Time Has Come for Suzanne Kerho to Step Forward : Mission Viejo Freshman Finally Gets the Chance to Take After Her Brother
Suzanne Kerho didn’t have to be pushed into following in her brother’s footsteps. In fact, she couldn’t wait to get started.
No wonder. Kerho, whose brother, Steve, is a track star at UCLA, has been laying down some pretty impressive footsteps of her own in her freshman year at Mission Viejo High School.
Her 45.82 mark in the 300-meter hurdles is a county best this year, and she’s also one of the county’s top runners in the 100-meter hurdles (15.28) and 200-meter dash (26.5).
But the way Kerho sees it, she’s just been making up for lost time--time spent watching her brother and waiting for her track career to take off.
Like many 14-year-olds, Kerho had been looking forward to starting high school for some time--anticipating that freshman year, the first day of school, first date, learner’s permits, track practice.
“I wanted to get started running so badly,” she said. “I had run in clubs around here but it just wasn’t the same as high school competition. I couldn’t stand waiting.”
Kerho even had trouble waiting until spring track season to get started, so she ran on the cross-country team in the fall.
“That was a lot of fun,” she said. “I did OK, not great, but at least I got to run. I can’t picture myself not running.”
Seems her brother’s track exploits made quite an impression on her. And the decision to try and emulate his success came very early on. No pushing or prodding required.
“My parents and my brother were real good about it,” Kerho said. “My parents never said anything like, ‘Gee, wouldn’t it be great if you could run too?’
“They knew I was interested, and one day when I was about 10 or 11 they asked me, ‘Do you want to run? You know you don’t have to if you don’t want to.’ But I wasn’t really interested in anything else.”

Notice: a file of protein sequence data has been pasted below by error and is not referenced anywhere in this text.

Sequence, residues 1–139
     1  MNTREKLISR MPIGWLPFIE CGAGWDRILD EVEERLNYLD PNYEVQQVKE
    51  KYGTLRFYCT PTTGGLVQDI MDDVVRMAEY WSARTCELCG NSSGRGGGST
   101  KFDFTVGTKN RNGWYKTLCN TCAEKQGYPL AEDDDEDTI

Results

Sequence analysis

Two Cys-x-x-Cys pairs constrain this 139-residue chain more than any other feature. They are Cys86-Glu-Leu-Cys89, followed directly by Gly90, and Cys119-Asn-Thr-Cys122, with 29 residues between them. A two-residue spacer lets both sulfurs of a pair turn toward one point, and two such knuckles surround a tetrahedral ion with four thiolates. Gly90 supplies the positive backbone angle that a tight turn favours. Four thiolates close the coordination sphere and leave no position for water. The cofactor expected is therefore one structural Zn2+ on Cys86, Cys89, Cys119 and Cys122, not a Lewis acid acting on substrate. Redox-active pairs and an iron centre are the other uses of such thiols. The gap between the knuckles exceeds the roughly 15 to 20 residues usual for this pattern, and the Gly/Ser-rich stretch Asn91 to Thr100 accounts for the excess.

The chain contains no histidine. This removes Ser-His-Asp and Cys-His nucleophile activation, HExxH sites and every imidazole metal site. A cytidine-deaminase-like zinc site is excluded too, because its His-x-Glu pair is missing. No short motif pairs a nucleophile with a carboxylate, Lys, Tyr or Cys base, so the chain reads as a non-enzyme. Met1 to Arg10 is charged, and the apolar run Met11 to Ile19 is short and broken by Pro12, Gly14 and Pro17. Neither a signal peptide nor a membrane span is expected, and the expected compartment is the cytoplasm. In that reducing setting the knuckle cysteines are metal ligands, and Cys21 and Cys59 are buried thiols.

An end to the watching and waiting.
“I used to watch my brother all the time when I was little,” she said. “But I had to wait until I was 11 to even start running for clubs. It was a killer because it looked like so much fun.”
Now, in a list of what’s fun for 11-year-olds, track and field isn’t going to crack very many Top 10s.
But Suzanne Kerho had her mind made up. If watching her brother win all the time looked like fun, winning herself would be even better.
Steve, a senior at UCLA, is a former CIF and national prep record holder in the 110-meter hurdles (13.41) while competing at Mission Viejo. He isn’t that surprised by his sister’s success.
“Not when you consider how hard she works,” he said. “We work out together about once a month and sometimes I have trouble keeping up with her.”
What Suzanne hasn’t learned from watching her brother, she picks up in the monthly workouts.
“She’s pretty gutsy,” Steve said. “She isn’t afraid to go through any of the drills that I go through.”
Although the decision to run track was Suzanne’s, her brother claims some of the credit for getting her to specialize in hurdling.
“I guess I steered her more toward the hurdles, or at least hoped real hard that she’d run them once she decided to run,” he said. “I think it’s great. I give her some advice, and it’s just another way of staying close.”
“Steve helps me out a lot,” Suzanne said. “It’s mainly with my form and technique. But it’s nice sometimes just to sit down and talk. He’s got so much experience to draw from.”
That experience sometimes can hurt as much as help. Footstep followers often run into higher expectations and added pressure. But Suzanne’s been too busy exceeding expectations to think of pressure, except as something other people keep talking about.
“I’m real busy with school and track and everything else,” she said. “It gets kind of crazy, but it’s nothing I can’t handle.
“There’s so much I like about it. The competition, belonging to a team, winning. Sometimes it’s scary, like I’m using it up all at once and I’m going too fast, but I just don’t see myself getting burned out.”
Steve Kerho doesn’t see pressure as a problem for Suzanne.
“I suppose it could be (for someone else), but not for her,” he said. “I know she’s got a lot more pressure on her than I ever did, particularly after having such a great first year. But she’s pretty mature for a 14-year-old. She’ll be OK.”
Meanwhile, Suzanne’s enjoying this footstep-following stuff. Seems she couldn’t wait to get at it because, for now, there’s really nothing to it.